We are once again reminded that there are lies and damned lies. And then there are statistics.

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Getting Ready for Adobe’s Big Update on Omniture

December 14, 2009

I’m getting excited because tomorrow Adobe is webcasting its 4th quarter and year-end results (it’s all public and you can register here), and, as expected, because the Omniture acquisition closed in the fourth quarter, we should get some initial insights into how the acquisition is progressing. There’s no question that these are VERY early days, so we can’t expect to hear a lot of in-depth detail (no fault to Adobe) but every nugget of info should be closely-examined, because at $1.8 billion, this was Adobe’s second largest acquisition after Macromedia. As readers of this blog well-know, I published a report in October on the purchase (check my home page for the link), so I am now a very keen observer of the outcome. I remain both naturally optimistic and tremendously curious.

g263941moi001

Oddly today Adobe issued a fairly tepid success story from Omniture. The numbers sounds great: 188% of this and 351% of that, but the Omniture customer profiled is a 200-person firm. Is this the message that Adobe wishes to convey? We should know more tomorrow.

g263941moi002

Your insights and observations will be much appreciated after the results and commentary are announced.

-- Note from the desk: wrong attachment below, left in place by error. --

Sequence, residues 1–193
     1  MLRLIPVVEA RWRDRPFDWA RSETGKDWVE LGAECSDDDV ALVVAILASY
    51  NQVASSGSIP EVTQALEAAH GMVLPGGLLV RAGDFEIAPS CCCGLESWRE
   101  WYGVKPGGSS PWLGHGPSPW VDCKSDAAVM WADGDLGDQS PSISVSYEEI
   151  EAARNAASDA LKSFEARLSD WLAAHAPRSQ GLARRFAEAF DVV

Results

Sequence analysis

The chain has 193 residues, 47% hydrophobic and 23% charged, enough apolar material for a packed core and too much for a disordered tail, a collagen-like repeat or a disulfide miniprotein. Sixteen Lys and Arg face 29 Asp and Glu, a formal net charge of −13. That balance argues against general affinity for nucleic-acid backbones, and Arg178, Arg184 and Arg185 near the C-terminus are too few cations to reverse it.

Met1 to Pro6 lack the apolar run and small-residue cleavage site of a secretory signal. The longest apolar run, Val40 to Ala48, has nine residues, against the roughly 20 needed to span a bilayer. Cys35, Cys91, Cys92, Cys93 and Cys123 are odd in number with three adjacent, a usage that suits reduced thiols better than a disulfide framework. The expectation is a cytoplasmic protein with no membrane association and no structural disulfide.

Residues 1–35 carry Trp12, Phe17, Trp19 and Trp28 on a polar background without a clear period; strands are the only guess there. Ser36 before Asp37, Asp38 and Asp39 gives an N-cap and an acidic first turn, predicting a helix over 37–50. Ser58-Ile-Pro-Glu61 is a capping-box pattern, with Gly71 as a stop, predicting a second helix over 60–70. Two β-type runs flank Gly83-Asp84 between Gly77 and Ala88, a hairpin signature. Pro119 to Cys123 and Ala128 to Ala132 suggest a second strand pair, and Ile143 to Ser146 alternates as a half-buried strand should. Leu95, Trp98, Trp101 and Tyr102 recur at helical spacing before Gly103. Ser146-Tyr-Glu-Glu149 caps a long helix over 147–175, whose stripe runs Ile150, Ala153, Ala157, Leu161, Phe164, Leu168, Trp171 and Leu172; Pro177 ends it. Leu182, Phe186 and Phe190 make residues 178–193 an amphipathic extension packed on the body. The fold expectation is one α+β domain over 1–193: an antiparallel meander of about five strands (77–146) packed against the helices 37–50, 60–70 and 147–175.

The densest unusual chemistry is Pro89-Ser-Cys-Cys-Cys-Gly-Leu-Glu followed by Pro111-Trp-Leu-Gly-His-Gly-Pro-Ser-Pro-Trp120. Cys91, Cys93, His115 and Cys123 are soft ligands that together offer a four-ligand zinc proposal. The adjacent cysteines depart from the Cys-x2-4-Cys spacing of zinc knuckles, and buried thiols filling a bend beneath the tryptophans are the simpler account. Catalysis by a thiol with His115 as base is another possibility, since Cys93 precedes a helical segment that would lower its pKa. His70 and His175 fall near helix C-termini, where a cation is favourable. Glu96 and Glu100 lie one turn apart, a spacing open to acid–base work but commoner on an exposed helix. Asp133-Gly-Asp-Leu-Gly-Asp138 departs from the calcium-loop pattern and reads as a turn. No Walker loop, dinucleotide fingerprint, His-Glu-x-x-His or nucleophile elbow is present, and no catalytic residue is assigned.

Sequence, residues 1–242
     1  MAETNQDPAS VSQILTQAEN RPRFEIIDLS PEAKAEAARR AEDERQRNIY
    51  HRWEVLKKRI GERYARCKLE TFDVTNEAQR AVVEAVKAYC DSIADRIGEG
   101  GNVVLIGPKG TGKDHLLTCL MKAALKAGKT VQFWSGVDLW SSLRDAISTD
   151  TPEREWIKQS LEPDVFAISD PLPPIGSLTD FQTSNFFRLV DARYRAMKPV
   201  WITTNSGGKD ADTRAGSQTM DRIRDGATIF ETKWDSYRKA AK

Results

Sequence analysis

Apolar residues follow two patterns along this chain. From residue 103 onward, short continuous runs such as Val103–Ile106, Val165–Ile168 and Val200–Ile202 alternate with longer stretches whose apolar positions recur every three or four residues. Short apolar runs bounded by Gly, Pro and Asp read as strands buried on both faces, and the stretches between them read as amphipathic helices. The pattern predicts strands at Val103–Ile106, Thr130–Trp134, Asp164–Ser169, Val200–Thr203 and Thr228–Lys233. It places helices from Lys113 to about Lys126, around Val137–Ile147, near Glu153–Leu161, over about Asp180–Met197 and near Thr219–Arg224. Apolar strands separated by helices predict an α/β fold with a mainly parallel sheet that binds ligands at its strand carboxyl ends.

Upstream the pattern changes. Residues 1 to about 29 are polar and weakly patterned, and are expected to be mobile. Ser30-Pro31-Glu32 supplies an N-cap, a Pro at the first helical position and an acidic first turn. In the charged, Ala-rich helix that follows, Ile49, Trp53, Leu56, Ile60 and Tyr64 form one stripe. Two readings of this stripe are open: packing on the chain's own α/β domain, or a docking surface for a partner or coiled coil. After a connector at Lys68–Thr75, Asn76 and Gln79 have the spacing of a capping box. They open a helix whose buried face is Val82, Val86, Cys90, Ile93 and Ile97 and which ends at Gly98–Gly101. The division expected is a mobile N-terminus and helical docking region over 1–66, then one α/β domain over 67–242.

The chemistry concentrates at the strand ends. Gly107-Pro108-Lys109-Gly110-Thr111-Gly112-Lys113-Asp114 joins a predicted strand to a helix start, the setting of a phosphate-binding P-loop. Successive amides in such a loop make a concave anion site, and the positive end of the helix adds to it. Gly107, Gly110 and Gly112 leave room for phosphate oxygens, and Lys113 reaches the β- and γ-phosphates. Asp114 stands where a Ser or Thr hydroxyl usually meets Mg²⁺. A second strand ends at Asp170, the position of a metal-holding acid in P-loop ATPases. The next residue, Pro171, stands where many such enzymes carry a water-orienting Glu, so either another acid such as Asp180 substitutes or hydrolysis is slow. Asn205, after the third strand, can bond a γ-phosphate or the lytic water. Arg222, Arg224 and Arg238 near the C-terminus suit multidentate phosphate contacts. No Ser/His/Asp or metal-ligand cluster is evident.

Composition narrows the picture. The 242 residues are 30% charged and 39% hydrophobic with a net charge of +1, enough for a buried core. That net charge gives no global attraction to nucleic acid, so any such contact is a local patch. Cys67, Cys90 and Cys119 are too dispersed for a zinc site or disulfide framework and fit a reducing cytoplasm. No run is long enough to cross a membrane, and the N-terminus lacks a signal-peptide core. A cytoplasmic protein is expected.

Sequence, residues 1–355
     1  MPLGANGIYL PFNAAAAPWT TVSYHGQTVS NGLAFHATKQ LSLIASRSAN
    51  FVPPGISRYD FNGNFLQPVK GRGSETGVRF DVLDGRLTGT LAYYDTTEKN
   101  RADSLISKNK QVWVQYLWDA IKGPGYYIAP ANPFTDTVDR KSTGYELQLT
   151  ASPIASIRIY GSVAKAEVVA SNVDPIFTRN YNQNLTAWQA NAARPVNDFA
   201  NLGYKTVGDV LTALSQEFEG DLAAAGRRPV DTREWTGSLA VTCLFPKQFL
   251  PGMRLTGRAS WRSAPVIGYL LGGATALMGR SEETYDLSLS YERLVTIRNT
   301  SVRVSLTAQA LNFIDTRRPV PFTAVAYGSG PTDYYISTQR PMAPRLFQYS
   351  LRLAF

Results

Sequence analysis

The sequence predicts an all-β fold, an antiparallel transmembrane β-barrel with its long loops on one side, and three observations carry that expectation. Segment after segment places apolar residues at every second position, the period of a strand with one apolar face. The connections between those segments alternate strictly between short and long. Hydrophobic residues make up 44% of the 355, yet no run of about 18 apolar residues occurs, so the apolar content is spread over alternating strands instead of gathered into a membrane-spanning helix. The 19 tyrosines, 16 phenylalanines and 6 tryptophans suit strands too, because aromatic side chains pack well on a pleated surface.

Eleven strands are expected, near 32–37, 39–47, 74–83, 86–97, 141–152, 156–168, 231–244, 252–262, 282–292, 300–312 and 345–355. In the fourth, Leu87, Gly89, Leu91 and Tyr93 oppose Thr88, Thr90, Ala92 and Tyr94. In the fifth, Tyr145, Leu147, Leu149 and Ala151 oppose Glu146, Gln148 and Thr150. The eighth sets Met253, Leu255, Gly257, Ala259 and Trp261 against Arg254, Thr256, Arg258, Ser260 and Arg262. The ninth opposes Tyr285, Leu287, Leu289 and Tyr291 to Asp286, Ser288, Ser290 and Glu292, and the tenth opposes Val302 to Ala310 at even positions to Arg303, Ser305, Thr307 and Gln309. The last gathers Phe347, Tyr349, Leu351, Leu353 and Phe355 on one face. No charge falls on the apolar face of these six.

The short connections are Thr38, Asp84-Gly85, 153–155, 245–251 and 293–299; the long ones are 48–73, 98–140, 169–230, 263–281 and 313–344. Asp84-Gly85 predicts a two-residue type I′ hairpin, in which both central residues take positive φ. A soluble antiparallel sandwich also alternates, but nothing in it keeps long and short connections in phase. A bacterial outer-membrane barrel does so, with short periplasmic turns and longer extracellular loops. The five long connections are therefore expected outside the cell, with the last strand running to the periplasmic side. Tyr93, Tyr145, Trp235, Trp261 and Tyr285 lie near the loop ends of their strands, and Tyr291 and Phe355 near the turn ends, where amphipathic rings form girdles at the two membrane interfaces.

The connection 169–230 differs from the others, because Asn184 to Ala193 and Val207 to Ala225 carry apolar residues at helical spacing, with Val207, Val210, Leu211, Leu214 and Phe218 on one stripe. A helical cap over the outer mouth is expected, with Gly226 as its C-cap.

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Color of the Year for 2010: Turquoise!

December 13, 2009

I’ve been traveling the last 8 days or so and have not been blogging. I wanted to weigh in with SOMETHING, anything, to reassure those few who are concerned that I’ve not abandoned the battle. I’ve actually got a slew of topics to cover in the days ahead, but thought I’d start light.

For years Pantone, makers of the infamous “very-difficult-to-reproduce-with-CMYK-inks” color palettes, have issued their December prediction for the color of the following year. We wait with baited breath each December. Well the word is out. Next year it’s going to be turquoise, aka “PANTONE® 15-5519 Turquoise,” noted to be “an inviting, luminous hue….Combining the serene qualities of blue and the invigorating aspects of green, Turquoise evokes thoughts of soothing, tropical waters and a languorous, effective escape from the everyday troubles of the world, while at the same time restoring our sense of wellbeing.”

Check it out:

turquise-press_img_20706_1

Phew! That was tense. Feeling better yet?